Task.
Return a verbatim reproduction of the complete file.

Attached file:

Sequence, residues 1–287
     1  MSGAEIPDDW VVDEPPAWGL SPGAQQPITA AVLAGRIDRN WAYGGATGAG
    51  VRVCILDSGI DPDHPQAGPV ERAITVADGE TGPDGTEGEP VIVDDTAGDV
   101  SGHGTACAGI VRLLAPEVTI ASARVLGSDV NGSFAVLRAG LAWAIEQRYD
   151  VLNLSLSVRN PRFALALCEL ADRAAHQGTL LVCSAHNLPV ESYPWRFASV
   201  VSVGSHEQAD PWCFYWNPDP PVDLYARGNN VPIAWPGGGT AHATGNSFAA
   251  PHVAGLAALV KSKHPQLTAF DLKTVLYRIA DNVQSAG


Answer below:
Sequence, residues 1–287
     1  MSGAEIPDDW VVDEPPAWGL SPGAQQPITA AVLAGRIDRN WAYGGATGAG
    51  VRVCILDSGI DPDHPQAGPV ERAITVADGE TGPDGTEGEP VIVDDTAGDV
   101  SGHGTACAGI VRLLAPEVTI ASARVLGSDV NGSFAVLRAG LAWAIEQRYD
   151  VLNLSLSVRN PRFALALCEL ADRAAHQGTL LVCSAHNLPV ESYPWRFASV
   201  VSVGSHEQAD PWCFYWNPDP PVDLYARGNN VPIAWPGGGT AHATGNSFAA
   251  PHVAGLAALV KSKHPQLTAF DLKTVLYRIA DNVQSAG